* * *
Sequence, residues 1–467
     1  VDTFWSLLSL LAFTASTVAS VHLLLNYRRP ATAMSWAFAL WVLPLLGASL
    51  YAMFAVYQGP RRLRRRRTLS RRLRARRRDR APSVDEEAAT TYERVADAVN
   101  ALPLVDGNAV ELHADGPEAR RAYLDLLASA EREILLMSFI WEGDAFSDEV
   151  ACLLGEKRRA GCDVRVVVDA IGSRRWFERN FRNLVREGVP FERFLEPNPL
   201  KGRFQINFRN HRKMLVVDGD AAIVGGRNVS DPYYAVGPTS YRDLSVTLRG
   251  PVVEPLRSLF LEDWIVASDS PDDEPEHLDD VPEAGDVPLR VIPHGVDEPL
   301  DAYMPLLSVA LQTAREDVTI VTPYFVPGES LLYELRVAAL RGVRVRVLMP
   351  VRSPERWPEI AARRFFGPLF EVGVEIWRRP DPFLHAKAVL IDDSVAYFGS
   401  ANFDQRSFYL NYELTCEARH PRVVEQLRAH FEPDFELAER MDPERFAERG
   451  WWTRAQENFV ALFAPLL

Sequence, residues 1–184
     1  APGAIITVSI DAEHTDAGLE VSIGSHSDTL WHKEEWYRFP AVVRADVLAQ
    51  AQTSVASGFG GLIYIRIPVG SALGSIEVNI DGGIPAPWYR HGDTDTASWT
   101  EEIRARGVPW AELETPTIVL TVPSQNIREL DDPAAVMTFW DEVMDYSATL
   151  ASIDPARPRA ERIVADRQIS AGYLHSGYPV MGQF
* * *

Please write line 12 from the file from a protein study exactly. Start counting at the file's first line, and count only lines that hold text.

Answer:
Sequence, residues 1–184